“We thank the Canucks and Senators for contributing to the terrific atmosphere at BC Place today and for providing such an entertaining conclusion to two historic months for the National Hockey League. While the weather outside prevented us from opening the roof at this outstanding stadium, the energy indoors from the more than 54,000 fans made for a memorable afternoon.
“Through the 2014 Bridgestone NHL Winter Classic, the 2014 Coors Light NHL Stadium Series, the 2014 Olympic Winter Games in Sochi and the
2014 Tim Hortons NHL Heritage Classic, our teams and our players displayed the very best qualities of our sport to over 375,000 fans in-person and an international viewing audience of millions more. We thank our fans, our Clubs and our players for this “season like no other” and we look forward to an exciting run to the Stanley Cup Playoffs.”
from Ed Willes of the Vancouver Province,
The troubling news for the faithful is Gillis seems intent on hitting a home run with Kesler. That means the proverbial roster player, prospect, first-round draft pick package which the team was seeking for Luongo, and we all know how that turned out. It doesn’t take a leap in logic to imagine the same script — as the noble Lui suggested — playing out with Kesler, and another botched trade would be a massive blow to this organization’s credibility.
But there’s also a slightly different feel about the market conditions this time around. Because the Eastern Conference is a study in mediocrity, virtually every team in a playoff spot can entertain visions of a long playoff run. Kesler, no matter what else he is, could be a difference-maker to those teams and, unlike Luongo, his contract isn’t a deal-breaker.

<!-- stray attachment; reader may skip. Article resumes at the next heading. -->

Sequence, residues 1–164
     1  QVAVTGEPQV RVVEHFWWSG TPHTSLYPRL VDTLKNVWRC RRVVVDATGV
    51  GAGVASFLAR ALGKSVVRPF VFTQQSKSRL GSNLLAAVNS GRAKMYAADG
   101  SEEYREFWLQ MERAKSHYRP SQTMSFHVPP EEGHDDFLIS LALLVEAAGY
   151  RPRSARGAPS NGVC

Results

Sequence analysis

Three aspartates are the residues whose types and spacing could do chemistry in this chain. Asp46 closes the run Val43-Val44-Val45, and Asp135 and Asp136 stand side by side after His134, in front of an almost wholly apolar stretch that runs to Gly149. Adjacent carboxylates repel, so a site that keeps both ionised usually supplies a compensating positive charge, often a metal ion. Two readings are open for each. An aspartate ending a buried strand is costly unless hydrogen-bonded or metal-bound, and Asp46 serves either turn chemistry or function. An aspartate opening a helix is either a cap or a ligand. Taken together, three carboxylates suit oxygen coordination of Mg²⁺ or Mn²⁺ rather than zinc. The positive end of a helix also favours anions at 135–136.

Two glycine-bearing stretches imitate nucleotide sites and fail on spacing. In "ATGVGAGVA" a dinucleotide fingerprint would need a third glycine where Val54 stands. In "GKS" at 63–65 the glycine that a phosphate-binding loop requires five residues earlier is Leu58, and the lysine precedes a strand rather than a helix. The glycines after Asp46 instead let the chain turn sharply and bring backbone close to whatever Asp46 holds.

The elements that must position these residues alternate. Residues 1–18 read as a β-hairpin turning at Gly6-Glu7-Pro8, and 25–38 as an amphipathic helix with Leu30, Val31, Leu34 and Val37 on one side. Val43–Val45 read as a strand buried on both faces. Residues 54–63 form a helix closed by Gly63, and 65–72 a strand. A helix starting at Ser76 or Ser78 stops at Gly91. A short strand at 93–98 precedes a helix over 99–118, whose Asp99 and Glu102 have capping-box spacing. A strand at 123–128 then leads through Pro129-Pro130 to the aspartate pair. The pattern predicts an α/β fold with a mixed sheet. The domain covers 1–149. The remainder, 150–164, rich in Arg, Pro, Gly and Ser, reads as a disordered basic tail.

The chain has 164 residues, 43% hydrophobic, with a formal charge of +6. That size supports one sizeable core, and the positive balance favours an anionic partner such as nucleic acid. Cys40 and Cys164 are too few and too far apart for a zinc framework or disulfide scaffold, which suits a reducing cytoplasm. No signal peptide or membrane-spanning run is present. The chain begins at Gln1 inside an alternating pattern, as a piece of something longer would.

Of the suitors, Pittsburgh has the look of a potential match. They have the young centre the Canucks would need coming back in Brandon Sutter. They have prospects — hello, Derrick Pouliot. It’s also believed GM Ray Shero is seeking a return to the three-centre configuration (Sidney Crosby, Geno Malkin, Jordan Staal) they employed in their Stanley Cup years.
Via numerous reports, Kesler also says his hand feels better and hopes to play tomorrow, but not sure.
added 5:54pm, Kesler talking with the media after pracitce today can be watched below...
from Pierre LeBrun of ESPN,
As a couple of front-office sources from other teams told me Thursday, it was bound to come out at some point that the Vancouver Canucks were feeling out the market on Ryan Kesler.
Secrets just don't keep in this business.
It doesn't sound as though Kesler actually made a formal trade request at any time, although it was clearly indicated a change of scenery could benefit both the player and the team; so perhaps semantics, if anything else.
The bottom line:
• A number of NHL teams have gotten calls from the Canucks on Kesler as well as vice-versa;
• The price is "significantly high," says one Western Conference source. "Really high. And I guess I can't blame them," says a different source.